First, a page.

“I am not fit for this office and should never have been here.” Who said it? Continue reading
“If you’re really pro-life, do me a favor—don’t lock arms and block medical clinics. If you’re so pro-life, lock arms and block cemeteries.” Who said it? Continue reading
“The radio makes hideous sounds.” Who said it? Continue reading
“Ordinary life is pretty complex stuff.” Who said it? Continue reading
“Freedom of any kind is the worst for creativity.” Who said it? Continue reading
Andy Linter at Beowolfe.com spent some time with Google Maps recently and came up with a visualization tool for the scale of the BP oil slick. When you got to his site, his site grabs your location from your IP address and then moves an overlay of the present size of the oil slick from the Gulf to over your home. The image at right is how big it would be if it were centered near my home in the Denver metro area, Colorado.
After the last census I calculated what percentage of Colorado’s population lived between Colorado Springs and Fort Collins, and it was somewhere between 70-80% of the state. So if that slick were here in Colorado, 3.5 to 4 million people would be covered in oil.
Click on the image to get a feel for how much of your neck of the woods it would cover.
h/t to S&R’s own wufnik
The image at right is a composite of the most recent MODIS satellite image of the spill area in the Gulf of Mexico and a National Weather Service model of the Loop Current. It was created by Brad Johnson of Think Progress’ The Wonk Room.
The composite image shows that the oil spill area has almost certainly reached the Loop Current, which is one of the major currents in the Gulf of Mexico. The loop current runs right past the Florida Keys and then meets up with the Gulf Stream, and if the tar balls that have been washing up on Key West beaches over the last day or two are from the spill (they may be from older spills years ago), then we should assume that the MODIS satellite imagery is the minimum extent of the spill area. Given that scientists aboard a NOAA survey ship have observed a plume at least 45 km long and 10 km wide that’s thousands of feet below the surface (and thus not visually detectable from the surface), it’s reasonable to say that the observed surface slick does not represent the full extent of the spill to date. And NOAA has now closed 19% of federally-controlled Gulf waters to all fishing (map).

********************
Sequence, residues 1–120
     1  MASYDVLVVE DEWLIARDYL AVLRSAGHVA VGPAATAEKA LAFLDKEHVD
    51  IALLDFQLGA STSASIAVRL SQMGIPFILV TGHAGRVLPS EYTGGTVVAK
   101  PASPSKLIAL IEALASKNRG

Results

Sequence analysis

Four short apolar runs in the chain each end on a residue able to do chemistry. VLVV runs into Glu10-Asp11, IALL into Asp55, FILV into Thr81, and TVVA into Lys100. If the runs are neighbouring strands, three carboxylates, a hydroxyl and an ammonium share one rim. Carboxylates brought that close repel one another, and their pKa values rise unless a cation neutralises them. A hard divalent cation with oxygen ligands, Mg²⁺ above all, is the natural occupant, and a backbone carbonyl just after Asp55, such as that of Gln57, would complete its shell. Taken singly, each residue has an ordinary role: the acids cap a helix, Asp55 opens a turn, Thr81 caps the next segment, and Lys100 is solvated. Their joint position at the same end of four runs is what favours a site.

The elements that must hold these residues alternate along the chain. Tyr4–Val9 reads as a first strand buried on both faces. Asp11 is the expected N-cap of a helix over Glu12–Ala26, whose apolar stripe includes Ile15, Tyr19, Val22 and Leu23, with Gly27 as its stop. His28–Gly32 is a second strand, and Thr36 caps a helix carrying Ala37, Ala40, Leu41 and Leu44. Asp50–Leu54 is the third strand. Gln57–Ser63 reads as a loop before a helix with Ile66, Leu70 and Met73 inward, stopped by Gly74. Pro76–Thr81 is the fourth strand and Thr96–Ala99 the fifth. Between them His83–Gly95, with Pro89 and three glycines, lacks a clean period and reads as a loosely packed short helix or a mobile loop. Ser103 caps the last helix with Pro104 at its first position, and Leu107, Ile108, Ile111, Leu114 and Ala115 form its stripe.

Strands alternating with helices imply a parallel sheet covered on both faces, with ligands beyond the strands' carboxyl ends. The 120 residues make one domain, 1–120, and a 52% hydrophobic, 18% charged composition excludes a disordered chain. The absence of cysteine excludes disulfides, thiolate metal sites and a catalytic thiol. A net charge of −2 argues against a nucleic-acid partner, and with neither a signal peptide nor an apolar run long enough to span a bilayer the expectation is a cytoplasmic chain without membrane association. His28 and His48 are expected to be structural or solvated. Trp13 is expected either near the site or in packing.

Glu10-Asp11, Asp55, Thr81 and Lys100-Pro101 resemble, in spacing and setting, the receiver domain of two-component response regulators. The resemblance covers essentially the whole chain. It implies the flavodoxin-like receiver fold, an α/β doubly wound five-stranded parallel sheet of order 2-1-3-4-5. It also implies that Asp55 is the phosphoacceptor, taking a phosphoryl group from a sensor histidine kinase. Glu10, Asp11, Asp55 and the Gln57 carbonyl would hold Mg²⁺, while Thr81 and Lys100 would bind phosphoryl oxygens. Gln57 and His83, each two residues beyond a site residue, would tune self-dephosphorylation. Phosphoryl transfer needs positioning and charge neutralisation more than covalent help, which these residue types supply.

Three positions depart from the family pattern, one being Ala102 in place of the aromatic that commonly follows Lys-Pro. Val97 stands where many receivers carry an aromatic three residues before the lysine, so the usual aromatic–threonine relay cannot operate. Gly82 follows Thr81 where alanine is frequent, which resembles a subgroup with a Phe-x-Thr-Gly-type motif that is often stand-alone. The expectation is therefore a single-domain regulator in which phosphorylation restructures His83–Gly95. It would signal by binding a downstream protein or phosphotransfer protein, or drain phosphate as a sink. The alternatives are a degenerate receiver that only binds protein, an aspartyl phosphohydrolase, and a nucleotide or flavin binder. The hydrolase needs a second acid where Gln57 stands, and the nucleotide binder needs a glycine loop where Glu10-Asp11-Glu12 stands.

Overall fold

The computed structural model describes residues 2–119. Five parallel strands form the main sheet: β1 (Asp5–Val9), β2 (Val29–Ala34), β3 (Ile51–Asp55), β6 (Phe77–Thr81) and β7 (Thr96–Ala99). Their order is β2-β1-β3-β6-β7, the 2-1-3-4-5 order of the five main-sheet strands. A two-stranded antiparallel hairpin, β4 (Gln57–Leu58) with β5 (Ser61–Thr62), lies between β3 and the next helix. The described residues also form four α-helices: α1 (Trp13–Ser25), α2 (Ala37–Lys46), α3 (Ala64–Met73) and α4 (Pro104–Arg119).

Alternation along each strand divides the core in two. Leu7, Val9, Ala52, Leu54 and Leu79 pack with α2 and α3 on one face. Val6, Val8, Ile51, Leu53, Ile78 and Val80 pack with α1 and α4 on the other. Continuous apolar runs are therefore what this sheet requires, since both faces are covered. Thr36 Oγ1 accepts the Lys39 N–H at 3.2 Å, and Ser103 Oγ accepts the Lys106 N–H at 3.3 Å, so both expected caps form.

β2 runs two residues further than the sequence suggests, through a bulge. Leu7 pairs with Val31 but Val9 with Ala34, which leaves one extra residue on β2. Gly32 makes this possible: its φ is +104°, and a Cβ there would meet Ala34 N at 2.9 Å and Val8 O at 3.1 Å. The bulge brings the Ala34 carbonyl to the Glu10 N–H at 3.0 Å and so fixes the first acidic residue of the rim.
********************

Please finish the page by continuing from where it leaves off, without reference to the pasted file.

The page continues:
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Maritime shipping is responsible for emitting 3% of global carbon emissions, roughly equal to air travel and more than most nations. Worse than that, however, is the fact that most oceangoing vessels burn heavy fuel oil (aka bunker fuel), the heavy sludge that’s left after every other useful product has been refined from petroleum. Bunker fuel emits a truly massive amount of nitrogen oxide compounds (NOx) and, due to its high sulfur content, a huge amount of sulfur dioxide (SO2). According to the International Council on Clean Transportation, one of the ways to reduce emissions at port was to implement “shore-side electricity” in port. This enables a suitably equipped shipping vessel to operate off of comparably clean electricity instead of extremely dirty bunker fuel.
And according to an article last week in the Long Beach Press-Telegram , the first supertanker with a shore-side electricity retrofit pulled into the Port of Long Beach and plugged in. Continue reading